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December 31, 2005

An accounting

This year, I screwed up several dear friendships, probably irrevocably.

I made new friends; and recovered friendships I had thought lost, or aborted.

Iím still employed. In my circles, thatís a fair accomplishment. They still like me, and they havenít taken away my internet privileges yet (gods only know whyóit seems like they ought to.)

I started school in August. So far, I have accumulated 15 total credits and a GPA of 4.0.

The huge Chief Illiniwek paper I buried myself under for the month of November earned Aís; and my sociology teacher asked to use it as a (positive) example for her future classes.

I learned. A lot.

I watched one of my closest friends, who divorced the man who I am closest to in the world besides my husband, then let go of a wonderful man; marry another (also wonderful) man.

I got to walk in my woods, in their glory of red maples, gold-green birches, and steady green pines; and I got to swim in my lake, calm and tasting sweetly of pine and fallen leaves, under a blue autumn sky.

People Iíd never met responded to words I wrote, and understood what I was trying to say. That, that is a gift beyond my accounting.

I gave extremely useful advice, and was given some. Also some not so much useful, both ways.

I listened to and read the news. I wept, and pounded my fists, and donated, and wrote letters, and wished I still believed in divine justice, because there are some people who will probably never get the earthly kind, and wouldnít it be nice if they got SOME.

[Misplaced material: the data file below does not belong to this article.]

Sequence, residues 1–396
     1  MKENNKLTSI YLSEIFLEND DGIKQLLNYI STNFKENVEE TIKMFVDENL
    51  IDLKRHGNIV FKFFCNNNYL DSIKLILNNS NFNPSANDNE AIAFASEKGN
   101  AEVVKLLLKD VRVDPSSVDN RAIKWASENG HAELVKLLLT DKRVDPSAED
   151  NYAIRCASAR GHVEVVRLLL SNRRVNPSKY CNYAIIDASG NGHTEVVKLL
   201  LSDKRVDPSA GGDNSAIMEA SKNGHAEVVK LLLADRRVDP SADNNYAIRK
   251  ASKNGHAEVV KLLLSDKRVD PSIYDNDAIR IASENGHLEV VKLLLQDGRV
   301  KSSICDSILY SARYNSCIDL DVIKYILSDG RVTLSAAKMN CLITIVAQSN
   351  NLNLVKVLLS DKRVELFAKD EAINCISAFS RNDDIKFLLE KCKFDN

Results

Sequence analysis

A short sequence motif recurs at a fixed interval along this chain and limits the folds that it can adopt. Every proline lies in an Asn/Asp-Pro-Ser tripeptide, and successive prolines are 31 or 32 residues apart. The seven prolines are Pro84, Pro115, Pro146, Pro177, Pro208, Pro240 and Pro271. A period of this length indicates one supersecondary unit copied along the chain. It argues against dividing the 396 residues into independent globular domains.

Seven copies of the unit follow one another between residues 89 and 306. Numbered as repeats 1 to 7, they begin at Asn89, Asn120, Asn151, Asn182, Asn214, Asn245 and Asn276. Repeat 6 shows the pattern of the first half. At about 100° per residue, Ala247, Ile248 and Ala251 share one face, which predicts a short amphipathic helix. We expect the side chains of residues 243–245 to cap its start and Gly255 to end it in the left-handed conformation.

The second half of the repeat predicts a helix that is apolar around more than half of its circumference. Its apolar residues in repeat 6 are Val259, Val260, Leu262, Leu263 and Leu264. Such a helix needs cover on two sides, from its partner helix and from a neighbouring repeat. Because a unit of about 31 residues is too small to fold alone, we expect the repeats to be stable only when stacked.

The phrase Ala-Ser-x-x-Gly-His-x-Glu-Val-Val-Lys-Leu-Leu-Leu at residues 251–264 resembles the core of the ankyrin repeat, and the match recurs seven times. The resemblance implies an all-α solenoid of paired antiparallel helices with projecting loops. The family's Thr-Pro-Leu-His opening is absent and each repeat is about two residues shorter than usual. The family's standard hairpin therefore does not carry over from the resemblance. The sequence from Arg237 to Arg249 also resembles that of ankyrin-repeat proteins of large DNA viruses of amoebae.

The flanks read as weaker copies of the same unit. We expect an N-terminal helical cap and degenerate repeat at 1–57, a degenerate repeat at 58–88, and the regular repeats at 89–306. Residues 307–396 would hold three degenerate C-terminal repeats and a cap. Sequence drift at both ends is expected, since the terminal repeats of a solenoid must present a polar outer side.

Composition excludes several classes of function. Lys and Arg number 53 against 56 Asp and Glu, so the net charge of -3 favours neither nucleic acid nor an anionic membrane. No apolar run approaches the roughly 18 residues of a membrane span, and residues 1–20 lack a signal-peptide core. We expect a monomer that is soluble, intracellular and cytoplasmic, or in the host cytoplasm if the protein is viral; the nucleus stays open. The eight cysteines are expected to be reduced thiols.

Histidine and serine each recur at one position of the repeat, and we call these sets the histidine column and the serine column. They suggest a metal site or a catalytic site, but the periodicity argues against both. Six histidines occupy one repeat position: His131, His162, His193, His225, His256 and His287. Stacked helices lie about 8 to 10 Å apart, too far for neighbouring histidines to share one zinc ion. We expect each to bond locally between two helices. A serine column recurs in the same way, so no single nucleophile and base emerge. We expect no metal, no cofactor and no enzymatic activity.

I saw, close up, whitetail deer, mallard ducks, grouse, woodpeckers, praying mantids, dock spiders, enormous house centipedes, a foot-long earthworm, red dragonflies, blue-green grasshoppers. I held in my hands a robin (who was sitting stunned in my driveway, probably after hitting the porch window), as well as a red-spotted purple (butterfly), which climbed onto my finger when I offered it. Just last night, I held baby Alex, who stared at me with enormous milky blue eyes for what seemed hours, both of us in complete absorbtion.

I didnít cut any new ground in the garden, but I didnít lose any either, and there were moments of perfect beauty this yearóthe lavender, the love-in-the-mist, the columbines (Oh, the columbines!), the linaria.

I made probably twenty pounds of toffee; two batches of jam and two batches of apple butter; I donít know how many batches of cookies and homemade pretzels. I didnít feed people healthily, but by gods they certainly enjoyed it. And I made soap and lip balm; ornaments and jewelry; and knitted pretty and useful things.

I heard, and saw, felt, touched, tasted, and smelled both beauty and ugliness in a thousand ways. I created a bit of it here and there.

I love, and I am loved.

That will suffice. I think it must.

Posted by Stephanie at December 31, 2005 11:05 PM TrackBack URL for this entry:
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Comments

Stephanie,

What a lovely post...you have given me encouragement and hope.

This year has been so difficult for so many and I feel so downheartened.

Thanks for the uplift and Happy New Year!

Posted by: Dee at December 31, 2005 11:54 PM
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Beautiful piece.

Posted by: Hank Fox at December 31, 2005 11:59 PM
decorative line of bighorn petroglyphs

Wonderful piece. Thank you.

Posted by: Kevin Andre Elliott at January 2, 2006 10:02 AM
decorative line of bighorn petroglyphs

You've set a standard the rest of us can strive for in the coming year. Nothing beats holding babies and staring into their eyes; I know this from recent experience myself. Thanks for the post.

Posted by: Charles at January 3, 2006 06:48 AM
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Thanks, everybody. And Charles: I don't like kids much generally, and don't plan to produce my own, but it's pretty neat to be looked at intently by a critter who's just starting to see the world. Babies of all species are cool that way (plus, you know, the cute).

Posted by: Stephanie at January 5, 2006 02:35 PM
decorative line of bighorn petroglyphs